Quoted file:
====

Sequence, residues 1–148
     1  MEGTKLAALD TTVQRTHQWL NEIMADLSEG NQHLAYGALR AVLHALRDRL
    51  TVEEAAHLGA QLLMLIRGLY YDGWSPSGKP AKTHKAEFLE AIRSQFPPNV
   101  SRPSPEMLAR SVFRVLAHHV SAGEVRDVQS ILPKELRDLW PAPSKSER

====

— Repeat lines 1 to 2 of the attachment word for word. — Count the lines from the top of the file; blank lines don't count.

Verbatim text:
Sequence, residues 1–148
     1  MEGTKLAALD TTVQRTHQWL NEIMADLSEG NQHLAYGALR AVLHALRDRL